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Ways in Which the Media Has Desensitized People to Violence Essay

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As I sat in Alexander Hall at Invitation to Excellence, I looked around at the faces as the segment from The Dark Night played. I was struck by the faces of the students in the room—some were amused to an extent and the others were nearly expressionless—as they watched Batman pound The Joker’s head onto a table. The thought “how has the gore of movies desensitized our culture to the violence around them?” ran through my mind as I watched the students, products of our culture’s repugnant media.
Statistics show, according to the American Psychiatric Association, that by eighteen years of age, an adolescent in the United States will have seen 16,000 simulated murders and 200,000 acts of violence. These figures are staggering. It would help explain why people slow down their cars when they see a car accident: to them it is only entertainment. Through the media, we, as a nation, are extinguishing the correct emotional responses to the tragedies around us. I heard a story of a man who was sitting in an airport. It was right after the tsunami had struck the coasts of Sri Lanka, Indonesia, and many other lands near the Indian Ocean back in 2004. As he sat there, he saw a news station play footage from the devastation in Sri Lanka. After watching the recording for a little while, he looked around he realized that no one seemed to be paying attention to this tragic event. However, right after this a celebrity break up came onto the news station and the man noticed how everyone’s attention was quickly attentive to the story. As a nation, Americans have become desensitized to the violence all around them; it is only entertainment to them.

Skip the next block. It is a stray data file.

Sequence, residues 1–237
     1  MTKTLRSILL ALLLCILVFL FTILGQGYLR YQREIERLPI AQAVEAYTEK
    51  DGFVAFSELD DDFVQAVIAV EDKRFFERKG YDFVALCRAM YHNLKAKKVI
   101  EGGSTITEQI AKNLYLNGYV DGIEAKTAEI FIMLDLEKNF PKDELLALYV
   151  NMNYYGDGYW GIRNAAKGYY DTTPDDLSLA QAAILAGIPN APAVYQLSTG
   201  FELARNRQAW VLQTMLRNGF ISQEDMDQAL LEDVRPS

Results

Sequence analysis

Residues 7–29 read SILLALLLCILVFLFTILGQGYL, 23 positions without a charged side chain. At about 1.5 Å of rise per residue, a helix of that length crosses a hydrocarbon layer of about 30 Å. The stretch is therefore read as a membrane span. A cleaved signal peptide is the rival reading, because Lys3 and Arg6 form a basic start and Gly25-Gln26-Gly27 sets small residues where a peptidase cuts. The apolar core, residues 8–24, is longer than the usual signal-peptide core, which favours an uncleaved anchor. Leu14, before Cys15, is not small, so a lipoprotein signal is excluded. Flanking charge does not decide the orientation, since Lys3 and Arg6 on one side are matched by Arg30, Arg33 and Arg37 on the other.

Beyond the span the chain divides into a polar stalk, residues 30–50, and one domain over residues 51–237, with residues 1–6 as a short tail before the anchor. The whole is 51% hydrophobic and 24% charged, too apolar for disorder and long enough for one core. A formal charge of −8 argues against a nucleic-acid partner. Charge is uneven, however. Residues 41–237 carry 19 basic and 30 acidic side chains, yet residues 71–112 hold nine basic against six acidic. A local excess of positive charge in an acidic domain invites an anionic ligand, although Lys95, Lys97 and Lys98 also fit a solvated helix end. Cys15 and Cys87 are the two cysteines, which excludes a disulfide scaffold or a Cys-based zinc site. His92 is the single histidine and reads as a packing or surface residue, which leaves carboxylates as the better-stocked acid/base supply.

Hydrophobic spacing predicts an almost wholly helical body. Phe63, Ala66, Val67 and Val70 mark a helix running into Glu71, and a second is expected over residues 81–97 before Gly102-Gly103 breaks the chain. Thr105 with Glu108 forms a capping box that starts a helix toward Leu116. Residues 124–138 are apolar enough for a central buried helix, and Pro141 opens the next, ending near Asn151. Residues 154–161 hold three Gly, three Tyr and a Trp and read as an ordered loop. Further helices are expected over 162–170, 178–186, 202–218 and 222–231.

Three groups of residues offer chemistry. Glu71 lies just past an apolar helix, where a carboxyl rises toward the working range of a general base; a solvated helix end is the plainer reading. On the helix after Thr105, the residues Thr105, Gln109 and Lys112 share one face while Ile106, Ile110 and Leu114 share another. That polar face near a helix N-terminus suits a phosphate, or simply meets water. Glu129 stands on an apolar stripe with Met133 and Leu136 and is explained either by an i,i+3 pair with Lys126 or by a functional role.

By making violence a form of entertainment we have become nihilistic in a sense. The violence found ...


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... movies with violent acts of murder repeatedly; they think that seeing this carnage before them does not affect them. However, they are wrong. They become calloused and unable to sympathize with the hurt and pain around them. They may find that it is hard to understand how to cope with a death when you have used death for entertainment for so long.
There are certainly other ways that the media has desensitized people to violence, I have only scratched the surface of this question. Yet, I believe that is necessary that someone looks into it deeper, because if not we are still in the predicament of making light of death and life itself. Something has to change where next time a see a violent scene with other teenagers, they would look away or something in them would click that what they are viewing is right, that they would stop just staring right back at the screen.


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